Here are a few facts about “Renovaré”:

Renovaré is a movement within the Emergent church that was started in 1988 by Richard Foster, a Quaker theologian. [Although Foster has been  an Evangelical Friend, preaching and teaching in the EFCI, his writings betray him as a nonchristian with positions akin to  those of nonchristian, non-evangelical Quaker denominations.] The [nonchristian, non-evangelical] Quakers’ theology is based on the belief that everyone (believers and unbelievers) have an “inner light” which can lead them to truth while they wait and listen to its subjective leading, particularly with the assistance of contemplative practices such as “the silence” and “centering prayer.” Paul Lacout, in Quaker Faith and Practice, described a “silence which is active” causing the Inner Light to “glow.” Their complete reliance on the leading of the inner light has just about ousted the objectivity of God’s Word and its clear-cut doctrines. Perhaps this is one of the reasons why Stephan Joubert pledges not to return to the Bible and the church but to advance forward to God (the inner light that guides all of mankind into the Truth).

As soon as you begin to tamper with biblical doctrine, heresy becomes your way and not as the Renovaré brotherhood claims “The Jesus Way.” The Quakers’ assertion that believers and unbelievers have an “inner light” substantiates their equally heretical belief in Universalism. George Fox and Robert Barclay as well as other respected leaders in the Quaker movement hold to the lie that all people are already saved from sin or will eventually be saved from it, the reason being that the Light is within everyone and nobody will therefore be cast into hell. Then there are those within the Quaker movement, such as the Quaker Universalist Group, who believe that it is unnecessary to have any faith in Jesus Christ. [According to Quaker Universalists] people of other faiths or no faith at all have no need of salvation because they already have Light within them…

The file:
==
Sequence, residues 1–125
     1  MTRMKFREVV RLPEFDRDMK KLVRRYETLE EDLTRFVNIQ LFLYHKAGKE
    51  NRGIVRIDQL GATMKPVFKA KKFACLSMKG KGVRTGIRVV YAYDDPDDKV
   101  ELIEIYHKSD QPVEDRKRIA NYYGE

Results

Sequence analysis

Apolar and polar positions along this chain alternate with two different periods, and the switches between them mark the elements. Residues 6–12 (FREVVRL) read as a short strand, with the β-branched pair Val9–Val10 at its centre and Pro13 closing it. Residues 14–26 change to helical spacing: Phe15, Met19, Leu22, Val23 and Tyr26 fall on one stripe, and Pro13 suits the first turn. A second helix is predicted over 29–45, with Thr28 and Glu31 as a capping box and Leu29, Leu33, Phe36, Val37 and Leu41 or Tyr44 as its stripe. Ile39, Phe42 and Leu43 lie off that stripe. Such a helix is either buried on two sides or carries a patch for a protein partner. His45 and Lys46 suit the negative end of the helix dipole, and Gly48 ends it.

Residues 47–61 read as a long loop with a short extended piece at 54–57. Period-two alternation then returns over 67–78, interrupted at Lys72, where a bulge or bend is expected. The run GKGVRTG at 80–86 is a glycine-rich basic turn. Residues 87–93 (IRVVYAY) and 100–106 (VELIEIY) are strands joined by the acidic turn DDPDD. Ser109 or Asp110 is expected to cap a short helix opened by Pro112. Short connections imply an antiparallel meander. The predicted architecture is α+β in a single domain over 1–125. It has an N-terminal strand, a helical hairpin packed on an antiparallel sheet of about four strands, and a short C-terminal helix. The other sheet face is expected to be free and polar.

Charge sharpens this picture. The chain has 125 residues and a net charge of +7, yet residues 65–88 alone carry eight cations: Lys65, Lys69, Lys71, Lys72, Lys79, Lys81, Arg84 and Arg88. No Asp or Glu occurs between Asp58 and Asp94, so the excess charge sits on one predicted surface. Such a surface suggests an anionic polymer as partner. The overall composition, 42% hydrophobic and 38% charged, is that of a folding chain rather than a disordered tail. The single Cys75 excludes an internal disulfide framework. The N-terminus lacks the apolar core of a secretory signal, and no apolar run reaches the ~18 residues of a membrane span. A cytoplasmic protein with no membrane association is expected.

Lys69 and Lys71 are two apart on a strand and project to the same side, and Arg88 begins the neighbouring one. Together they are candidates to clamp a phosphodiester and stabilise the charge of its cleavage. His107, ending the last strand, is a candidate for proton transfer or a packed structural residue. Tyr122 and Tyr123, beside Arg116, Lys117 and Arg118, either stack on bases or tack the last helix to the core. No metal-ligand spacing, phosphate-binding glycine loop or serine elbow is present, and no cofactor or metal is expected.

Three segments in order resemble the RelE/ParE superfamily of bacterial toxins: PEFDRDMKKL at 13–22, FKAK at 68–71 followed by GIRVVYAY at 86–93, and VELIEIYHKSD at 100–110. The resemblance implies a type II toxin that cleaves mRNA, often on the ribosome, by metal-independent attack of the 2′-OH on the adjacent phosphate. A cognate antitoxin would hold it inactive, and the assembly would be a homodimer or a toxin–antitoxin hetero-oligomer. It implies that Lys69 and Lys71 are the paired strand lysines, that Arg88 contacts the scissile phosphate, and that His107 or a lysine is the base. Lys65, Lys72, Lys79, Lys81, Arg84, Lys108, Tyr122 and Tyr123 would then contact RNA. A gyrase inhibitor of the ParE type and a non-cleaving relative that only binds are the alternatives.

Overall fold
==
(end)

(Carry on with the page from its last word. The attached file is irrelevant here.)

What does the Word of God teach us about the Light?

John 3:19-21 And this is the condemnation, that light is come into the world, and men loved darkness rather than light, because their deeds were evil. For every one that doeth evil hateth the light, neither cometh to the light, lest his deeds should be reproved. But he that doeth truth cometh to the light, that his deeds may be made manifest, that they are wrought in God (emphasis added).

Isaiah 8:20 To the law and to the testimony: if they speak not according to this word, it is because there is no light in them (emphasis added).

Richard Foster, the author of the Renovaré study Bible, endorses many Universalists and pantheists. Here are some of the revealing things they have said in their books:

“The Inner Light, the Inward Christ, is no mere doctrine, belonging peculiarly to a small religious fellowship, to be accepted or rejected as a mere belief. It is the living Center of Reference for all Christian souls and Christian groups – yes, and of non-Christian groups as well” Thomas Kelly:A Testament of Devotion.